THE VAST OF NIGHT is available on Amazon Prime.
There’s nothing new in the essentials of THE VAST OF NIGHT, yet everything about it feels unique. It captures small town sleepiness, paranoia, wonder, and fear in a way that hasn’t felt this alive since Spielberg riveted our imaginations with CLOSE ENCOUNTERS OF THE THIRD KIND. At a budget of what must have been mere pennies, director Andrew Patterson has crafted an intense, brilliant love letter to the act of discovery and all the fascination and terror that comes with it.
Set in an unremarkable small town somewhere in New Mexico, THE VAST OF NIGHT takes place over a few short hours during the night of a high school basketball game. Everett, the biggest fish in the smallest pond, works the radio station in charge of keeping its five listeners entertained. Fay, a ball of smarts and energy latched to his side, works the old switchboard for any stragglers hoping to make a call. As the entire town packs itself into the school gymnasium, strange lights appear in the sky. A crackle shoots through the airwaves and things begin to feel… off.
What follows is too good to spoil, even if it all feels very familiar. Beginning like a pastiche of Robert Altman films, Patterson lets the film linger and take its time as we’re introduced to the small lives of the town in a remarkable opening sequence. The fast paced dialog is downright musical, and the performances, especially from leads Sierra McCormick and Jake Horowitz, are uniformly terrific. This world feels comforting and lived-in. It’s a dizzying feat of crafting an authentic piece of Americana, replicating a time that probably never existed, but feels authentic in the telling.
As the big game starts and our leads are split to their respective tasks, Patterson again favors long takes in isolated spaces. It’s a deliberate choice made due to budgetary constraints, but one that works in its favor. Like in films such as ALL THE PRESIDENT’S MEN and THE CONVERSATION, our leads are tethered to aging devices that keep them restrained from the outside world. Through bits and pieces we capture snippets of something that is unfolding, but our only connection to it is in the wide-eyed wonder projected by our cast.
In one stunning scene, Patterson keeps the camera fixed on McCormick’s expressive face for a good ten minutes without cutting as she answers calls through a switchboard. It’s remarkable for two reasons: it’s almost all setup yet it doesn’t feel contrived, and it’s utterly riveting. McCormick is a delight as Fay, constantly questioning things when the world doesn’t work as expected, and her relationship with the awkward yet charming Horowitz sparkles in every scene.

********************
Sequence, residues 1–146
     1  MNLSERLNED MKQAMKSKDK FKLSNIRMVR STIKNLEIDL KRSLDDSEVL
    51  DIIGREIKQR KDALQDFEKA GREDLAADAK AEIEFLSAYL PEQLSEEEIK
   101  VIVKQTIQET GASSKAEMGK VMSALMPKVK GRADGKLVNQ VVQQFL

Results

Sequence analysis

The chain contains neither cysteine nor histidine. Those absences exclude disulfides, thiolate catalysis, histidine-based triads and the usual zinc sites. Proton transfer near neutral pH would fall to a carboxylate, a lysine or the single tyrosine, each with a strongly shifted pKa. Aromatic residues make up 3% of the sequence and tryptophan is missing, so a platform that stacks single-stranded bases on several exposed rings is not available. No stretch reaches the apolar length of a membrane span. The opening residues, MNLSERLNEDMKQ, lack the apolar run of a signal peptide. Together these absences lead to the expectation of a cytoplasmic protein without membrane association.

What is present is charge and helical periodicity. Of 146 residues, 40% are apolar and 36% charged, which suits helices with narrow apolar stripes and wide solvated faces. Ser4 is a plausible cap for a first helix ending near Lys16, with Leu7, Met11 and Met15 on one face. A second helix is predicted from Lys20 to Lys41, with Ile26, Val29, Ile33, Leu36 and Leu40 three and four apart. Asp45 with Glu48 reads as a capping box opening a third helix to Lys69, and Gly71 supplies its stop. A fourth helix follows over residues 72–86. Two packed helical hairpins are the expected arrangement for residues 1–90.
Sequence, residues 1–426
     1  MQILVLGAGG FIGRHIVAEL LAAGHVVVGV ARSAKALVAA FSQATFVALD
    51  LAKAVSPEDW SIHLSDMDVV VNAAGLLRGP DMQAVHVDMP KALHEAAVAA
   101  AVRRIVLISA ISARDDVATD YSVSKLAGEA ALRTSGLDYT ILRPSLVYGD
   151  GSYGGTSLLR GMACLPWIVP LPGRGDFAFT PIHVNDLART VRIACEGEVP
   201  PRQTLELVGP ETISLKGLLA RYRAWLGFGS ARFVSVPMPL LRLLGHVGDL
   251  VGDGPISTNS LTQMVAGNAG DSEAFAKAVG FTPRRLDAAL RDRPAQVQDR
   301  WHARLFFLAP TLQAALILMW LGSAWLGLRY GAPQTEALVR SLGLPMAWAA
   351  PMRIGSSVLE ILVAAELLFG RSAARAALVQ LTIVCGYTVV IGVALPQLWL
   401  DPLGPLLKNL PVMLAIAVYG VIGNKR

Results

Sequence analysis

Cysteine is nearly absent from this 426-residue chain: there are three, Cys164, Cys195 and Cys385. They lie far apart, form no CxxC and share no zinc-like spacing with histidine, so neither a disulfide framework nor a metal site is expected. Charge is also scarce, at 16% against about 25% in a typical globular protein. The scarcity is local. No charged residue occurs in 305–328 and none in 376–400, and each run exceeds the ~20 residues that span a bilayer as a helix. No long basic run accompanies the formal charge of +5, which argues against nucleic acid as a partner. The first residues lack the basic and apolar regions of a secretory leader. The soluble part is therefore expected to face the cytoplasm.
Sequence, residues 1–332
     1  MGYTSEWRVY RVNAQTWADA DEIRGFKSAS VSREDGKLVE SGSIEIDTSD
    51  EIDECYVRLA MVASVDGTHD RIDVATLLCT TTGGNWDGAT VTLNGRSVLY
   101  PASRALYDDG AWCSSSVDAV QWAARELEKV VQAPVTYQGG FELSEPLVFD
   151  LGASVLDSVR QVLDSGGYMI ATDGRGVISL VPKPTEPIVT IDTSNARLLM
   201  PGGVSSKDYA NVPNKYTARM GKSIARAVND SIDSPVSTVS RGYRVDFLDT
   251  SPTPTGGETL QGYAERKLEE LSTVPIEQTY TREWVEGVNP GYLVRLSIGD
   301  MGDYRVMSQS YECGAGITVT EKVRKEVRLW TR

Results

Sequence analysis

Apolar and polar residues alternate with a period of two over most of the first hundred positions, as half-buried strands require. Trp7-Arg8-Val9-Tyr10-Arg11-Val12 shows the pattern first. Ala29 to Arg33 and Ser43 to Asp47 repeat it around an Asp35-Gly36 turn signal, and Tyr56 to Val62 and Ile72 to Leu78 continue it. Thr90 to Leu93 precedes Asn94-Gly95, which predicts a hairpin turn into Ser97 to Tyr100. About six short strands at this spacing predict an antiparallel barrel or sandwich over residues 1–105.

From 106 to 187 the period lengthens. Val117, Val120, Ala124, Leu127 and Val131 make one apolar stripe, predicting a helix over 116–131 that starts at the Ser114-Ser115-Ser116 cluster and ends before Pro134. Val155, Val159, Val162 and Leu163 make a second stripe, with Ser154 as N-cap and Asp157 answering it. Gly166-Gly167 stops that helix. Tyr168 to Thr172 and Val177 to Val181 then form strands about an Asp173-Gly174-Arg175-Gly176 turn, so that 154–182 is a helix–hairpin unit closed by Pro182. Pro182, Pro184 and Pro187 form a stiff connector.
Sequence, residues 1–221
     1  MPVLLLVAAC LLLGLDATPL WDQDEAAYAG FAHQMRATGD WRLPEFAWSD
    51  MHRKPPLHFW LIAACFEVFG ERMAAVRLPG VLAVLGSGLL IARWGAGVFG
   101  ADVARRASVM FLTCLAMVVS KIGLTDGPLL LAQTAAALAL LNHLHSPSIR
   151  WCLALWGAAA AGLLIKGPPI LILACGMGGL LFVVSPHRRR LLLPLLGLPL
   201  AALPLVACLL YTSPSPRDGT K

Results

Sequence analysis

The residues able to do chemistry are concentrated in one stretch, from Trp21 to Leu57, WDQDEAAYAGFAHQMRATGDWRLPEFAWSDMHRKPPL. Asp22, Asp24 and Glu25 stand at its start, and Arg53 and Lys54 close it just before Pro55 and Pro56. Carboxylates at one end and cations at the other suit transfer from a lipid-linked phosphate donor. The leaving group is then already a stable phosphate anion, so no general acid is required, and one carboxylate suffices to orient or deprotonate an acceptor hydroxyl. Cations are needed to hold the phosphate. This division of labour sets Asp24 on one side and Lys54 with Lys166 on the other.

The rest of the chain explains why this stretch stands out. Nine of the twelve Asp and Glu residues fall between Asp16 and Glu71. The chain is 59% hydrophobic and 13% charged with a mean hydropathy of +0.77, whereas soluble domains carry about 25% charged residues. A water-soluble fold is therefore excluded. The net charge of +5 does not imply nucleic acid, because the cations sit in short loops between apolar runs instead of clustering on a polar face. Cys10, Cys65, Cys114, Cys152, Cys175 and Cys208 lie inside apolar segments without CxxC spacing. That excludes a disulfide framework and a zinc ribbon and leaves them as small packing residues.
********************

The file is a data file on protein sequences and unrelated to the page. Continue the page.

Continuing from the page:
Their dialog is riddled with crackling slang and 50s lingo, some of which has to be invented for the film, and the way the cast overlaps with one another the more excited they get makes everything feel that much more true to life. By the time genre staples like “there’s something in the sky” and “we’re not alone” are uttered, instead of cheesy they feel like a revelation. How Patterson and co. managed to pull this off is beyond me, but it works.
Once things begin to unfold Patterson does allow himself some extravagance. A doozy of a shot sees the picture deliver us across town in a single take, utilizing some extremely crafty methods to give us an all-encompassing understanding of where everything is. It’s unexpected, wild, and just as you think it’s over it surprises you again. What’s better is that the shot isn’t there just to show off. It grounds us in the fine details, allowing us to see the limits of our stage as it sets up every location we’re about to visit.
Patterson has a keen understanding of scope. By focusing on the subjective view of our two heroes, the film is limited in scale but emotionally grand. Because our own imagination allows us to fill in what we don’t see, Patterson pushes the tradition of radio plays like Orson Welles’ WAR OF THE WORLDS into the forefront, often dimming the picture entirely. It’s a film that feels like a play without being stagey.
Combined with the evocative and hair raising score by Eric Alexander and Jared Bulmer and the gorgeous cinematography by M.I. Littin-Menz, THE VAST OF NIGHT is a triumph of independent film. It has the makings of a cult classic and serves as an incredible calling card of a director who lives and breathes cinema.
Years later, maybe a decade or so, people will hold retrospectives of Patterson’s career and point to THE VAST OF NIGHT and say: can you believe how good he was right out the gate?